A microservice needs to know the location, IP address and port of every service that it communicates with. If we don't employ a Service Discovery mechanism, service locations become coupled leading to a system that's difficult to maintain. We could wire the locations or inject them via configuration in a traditional application but it isn't recommended in a modern cloud-based application of this kind. Dynamically determining the location of an application service isn't a trivial matter. Things become more complicated when we consider an environment where we're constantly destroying and disturbing new instances of services. This may well be the case for a cloud-based application that's continuously changing due to horizontal auto-scaling to meet peak loads or the release of a new version. Hence, the need for a Service Discovery mechanism. Service Discovery handles things in two parts. First, it provides a mechanism for an instance to register and say, "I'm here."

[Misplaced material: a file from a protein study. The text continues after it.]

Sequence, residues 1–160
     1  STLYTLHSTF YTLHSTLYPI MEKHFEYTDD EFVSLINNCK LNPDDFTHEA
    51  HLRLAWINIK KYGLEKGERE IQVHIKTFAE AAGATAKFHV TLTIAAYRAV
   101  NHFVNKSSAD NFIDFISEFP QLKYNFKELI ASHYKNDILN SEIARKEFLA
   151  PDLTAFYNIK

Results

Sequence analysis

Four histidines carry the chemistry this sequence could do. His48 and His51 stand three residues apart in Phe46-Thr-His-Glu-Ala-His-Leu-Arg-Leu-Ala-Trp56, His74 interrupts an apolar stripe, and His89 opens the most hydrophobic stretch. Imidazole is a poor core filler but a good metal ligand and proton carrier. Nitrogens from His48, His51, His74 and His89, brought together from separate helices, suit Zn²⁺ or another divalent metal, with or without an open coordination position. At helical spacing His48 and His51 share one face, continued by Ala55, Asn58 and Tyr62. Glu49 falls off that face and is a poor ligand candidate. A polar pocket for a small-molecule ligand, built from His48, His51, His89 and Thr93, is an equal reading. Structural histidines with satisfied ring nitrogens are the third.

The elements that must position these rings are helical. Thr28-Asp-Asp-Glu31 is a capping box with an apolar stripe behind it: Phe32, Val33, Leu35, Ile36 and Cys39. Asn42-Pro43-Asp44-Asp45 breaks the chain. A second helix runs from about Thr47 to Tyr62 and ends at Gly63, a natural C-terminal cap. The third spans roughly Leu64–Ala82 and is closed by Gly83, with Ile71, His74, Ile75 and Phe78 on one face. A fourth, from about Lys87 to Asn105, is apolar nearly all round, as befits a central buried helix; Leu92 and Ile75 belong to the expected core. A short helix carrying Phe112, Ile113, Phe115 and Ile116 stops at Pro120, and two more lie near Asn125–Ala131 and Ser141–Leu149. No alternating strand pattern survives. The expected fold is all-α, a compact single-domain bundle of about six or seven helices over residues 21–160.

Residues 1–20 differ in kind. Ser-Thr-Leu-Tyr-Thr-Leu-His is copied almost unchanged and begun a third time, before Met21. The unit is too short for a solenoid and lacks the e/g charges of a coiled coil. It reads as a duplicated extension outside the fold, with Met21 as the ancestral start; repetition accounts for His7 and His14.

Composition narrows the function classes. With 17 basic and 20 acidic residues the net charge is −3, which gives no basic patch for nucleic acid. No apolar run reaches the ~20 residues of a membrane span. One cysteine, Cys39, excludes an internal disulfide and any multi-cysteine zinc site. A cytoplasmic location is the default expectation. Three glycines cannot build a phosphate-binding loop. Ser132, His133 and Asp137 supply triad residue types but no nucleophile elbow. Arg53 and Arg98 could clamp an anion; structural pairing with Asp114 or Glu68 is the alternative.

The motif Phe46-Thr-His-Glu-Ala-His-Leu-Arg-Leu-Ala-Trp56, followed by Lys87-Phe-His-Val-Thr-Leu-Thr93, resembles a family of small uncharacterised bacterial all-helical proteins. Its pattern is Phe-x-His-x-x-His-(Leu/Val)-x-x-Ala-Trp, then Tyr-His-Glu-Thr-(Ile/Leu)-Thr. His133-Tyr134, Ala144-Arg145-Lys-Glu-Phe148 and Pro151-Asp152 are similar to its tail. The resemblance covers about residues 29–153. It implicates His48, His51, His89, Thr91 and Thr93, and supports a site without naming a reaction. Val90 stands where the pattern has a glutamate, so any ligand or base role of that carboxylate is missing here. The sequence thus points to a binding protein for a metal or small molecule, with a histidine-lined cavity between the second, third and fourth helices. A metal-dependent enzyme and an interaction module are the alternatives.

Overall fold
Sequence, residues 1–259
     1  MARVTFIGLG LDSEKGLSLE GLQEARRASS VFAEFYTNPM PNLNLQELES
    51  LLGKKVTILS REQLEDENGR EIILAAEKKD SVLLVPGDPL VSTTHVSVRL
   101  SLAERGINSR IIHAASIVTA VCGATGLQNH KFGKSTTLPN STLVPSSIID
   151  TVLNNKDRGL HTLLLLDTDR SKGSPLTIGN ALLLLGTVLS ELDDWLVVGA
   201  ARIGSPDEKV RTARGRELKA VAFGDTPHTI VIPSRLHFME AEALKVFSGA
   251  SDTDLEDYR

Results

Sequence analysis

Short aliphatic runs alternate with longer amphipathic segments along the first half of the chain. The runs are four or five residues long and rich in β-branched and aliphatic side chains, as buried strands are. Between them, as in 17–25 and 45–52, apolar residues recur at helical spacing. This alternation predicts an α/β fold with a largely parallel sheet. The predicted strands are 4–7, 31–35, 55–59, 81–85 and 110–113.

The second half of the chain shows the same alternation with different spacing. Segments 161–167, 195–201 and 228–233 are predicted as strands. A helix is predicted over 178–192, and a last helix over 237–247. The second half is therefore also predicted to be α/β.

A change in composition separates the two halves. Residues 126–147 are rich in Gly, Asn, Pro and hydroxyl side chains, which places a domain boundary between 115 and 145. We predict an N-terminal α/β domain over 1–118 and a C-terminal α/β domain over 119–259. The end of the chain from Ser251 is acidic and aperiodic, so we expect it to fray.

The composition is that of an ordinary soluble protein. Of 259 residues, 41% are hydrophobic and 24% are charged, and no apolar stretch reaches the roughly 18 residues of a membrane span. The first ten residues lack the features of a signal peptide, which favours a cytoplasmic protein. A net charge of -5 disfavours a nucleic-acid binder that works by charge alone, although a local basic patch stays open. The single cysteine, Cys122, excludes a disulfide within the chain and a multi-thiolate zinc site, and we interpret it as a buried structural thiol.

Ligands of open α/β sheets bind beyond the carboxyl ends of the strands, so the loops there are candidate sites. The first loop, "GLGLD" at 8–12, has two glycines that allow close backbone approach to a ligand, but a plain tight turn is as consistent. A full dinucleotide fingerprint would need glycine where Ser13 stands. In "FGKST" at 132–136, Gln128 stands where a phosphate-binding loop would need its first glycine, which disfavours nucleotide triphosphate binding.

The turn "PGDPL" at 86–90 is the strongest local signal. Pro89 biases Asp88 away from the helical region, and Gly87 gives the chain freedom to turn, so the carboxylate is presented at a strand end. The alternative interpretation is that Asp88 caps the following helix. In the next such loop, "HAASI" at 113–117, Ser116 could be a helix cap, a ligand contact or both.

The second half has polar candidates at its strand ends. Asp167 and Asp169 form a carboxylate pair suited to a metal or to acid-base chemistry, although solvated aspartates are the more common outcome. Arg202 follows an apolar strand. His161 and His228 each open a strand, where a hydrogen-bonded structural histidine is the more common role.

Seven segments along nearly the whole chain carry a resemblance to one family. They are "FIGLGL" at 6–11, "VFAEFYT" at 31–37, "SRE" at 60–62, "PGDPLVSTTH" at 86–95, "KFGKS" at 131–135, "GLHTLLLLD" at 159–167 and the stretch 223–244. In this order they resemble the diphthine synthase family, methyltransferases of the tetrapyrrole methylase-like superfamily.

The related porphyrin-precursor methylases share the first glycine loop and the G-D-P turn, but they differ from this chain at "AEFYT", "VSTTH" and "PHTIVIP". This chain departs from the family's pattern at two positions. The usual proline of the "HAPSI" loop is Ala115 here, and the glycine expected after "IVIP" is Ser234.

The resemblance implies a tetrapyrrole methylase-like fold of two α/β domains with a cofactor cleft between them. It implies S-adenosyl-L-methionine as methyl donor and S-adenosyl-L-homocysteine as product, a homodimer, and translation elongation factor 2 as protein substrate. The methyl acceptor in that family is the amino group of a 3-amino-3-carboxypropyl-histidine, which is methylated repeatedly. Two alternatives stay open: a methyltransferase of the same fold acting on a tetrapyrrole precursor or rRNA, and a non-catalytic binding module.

Second, it provides a way to find the service once it has been registered. Let's clarify the concept we've discussed so far with an example. A service consumer and a service provider, a service exposing REST API. The service consumer needs the service provider to read and write data. The diagram on this slide shows the communication flow. Now, let's describe the steps illustrated in the diagram. Number 1 describes the location of the service provider sent to their service registry, a database containing the locations of all available service instances. Number 2 describes the service consumer asking the service discovery server for the location of the service provider. Number 3 describes the location of the service provider searched by the service registry in its internal database and returned to the service consumer. And number 4 describes how the service consumer can now make direct requests to the service provider. There are two main patterns for Service Discovery: client-Side Discovery and Server-Side Discovery, let's clarify them.